Nanotechnology could provide the answer to extending the shelf life of fresh fruit, researchers have claimed.
According to the Active & Intelligent Packaging Industry Association (AIPIA), Canadian, Indian and Sri Lankan researchers have created a nanotech application of a natural plant extract called hexanal, which can be used to delay fruit ripening.
Hexanal inhibits a plant enzyme during a fruit’s ripening process, with scientists discovering that spraying mango orchards with a slow concentration of the compound slowed fruit ripening by three weeks.
The breakthrough could prove particularly helpful for bananas, mangoes and papayas, and in countries where refrigeration is lacking.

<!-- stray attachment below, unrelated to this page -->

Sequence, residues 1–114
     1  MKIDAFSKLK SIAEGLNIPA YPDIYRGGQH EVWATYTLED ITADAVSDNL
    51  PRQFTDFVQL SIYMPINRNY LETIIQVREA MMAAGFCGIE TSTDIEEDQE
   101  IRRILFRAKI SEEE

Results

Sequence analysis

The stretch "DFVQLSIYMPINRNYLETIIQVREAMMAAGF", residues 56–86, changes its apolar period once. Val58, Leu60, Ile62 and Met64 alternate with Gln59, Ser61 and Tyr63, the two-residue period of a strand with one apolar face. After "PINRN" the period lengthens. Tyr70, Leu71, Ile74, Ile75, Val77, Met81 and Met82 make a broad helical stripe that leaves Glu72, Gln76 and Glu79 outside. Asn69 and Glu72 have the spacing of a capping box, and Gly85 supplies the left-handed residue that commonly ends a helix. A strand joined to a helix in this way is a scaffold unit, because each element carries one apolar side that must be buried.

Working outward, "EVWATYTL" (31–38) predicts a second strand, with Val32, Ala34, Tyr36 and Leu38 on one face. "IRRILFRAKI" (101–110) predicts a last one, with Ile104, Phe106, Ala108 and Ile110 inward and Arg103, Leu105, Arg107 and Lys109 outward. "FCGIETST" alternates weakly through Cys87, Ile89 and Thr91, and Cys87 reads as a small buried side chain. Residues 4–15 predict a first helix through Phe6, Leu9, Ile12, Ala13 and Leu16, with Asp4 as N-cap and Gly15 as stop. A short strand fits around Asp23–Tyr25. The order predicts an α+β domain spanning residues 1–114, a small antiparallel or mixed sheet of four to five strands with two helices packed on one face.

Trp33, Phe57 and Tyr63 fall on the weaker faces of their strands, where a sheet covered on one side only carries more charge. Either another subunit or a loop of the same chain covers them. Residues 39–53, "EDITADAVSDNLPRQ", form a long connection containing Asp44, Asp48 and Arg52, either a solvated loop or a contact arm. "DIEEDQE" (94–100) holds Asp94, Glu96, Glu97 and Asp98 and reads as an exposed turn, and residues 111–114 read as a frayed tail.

The same team of researchers is also developing ‘smart packaging’ systems, made from materials such as banana fibre, which slowly release hexanal to extend storage life after fruit is harvested. In field trials, AIPIA claimed, growers were able to earn up to 15 per cent more for their crop by phasing the ripening process.
Once harvested, the sprayed mangoes remained fresh for up to 26 days in cold storage and 17 days at room temperature. Tests are already underway in Africa on other fruits.
Hexanal is already approved as a food additive in the US, and AIPIA stresses that it leaves no harmful residues. “It’s a very natural compound,” said one of the researchers. “In our academic research we have found that if you spray or dip the fruit with it, within 48 hours it’s all gone — you can’t find even a trace using a microscope.”
A range of new materials is being developed, including wraps containing electro-spun or sprayed nanoparticles infused with hexanal for slow release of hexanal vapours.
The partners hope to commercialise the process in due course.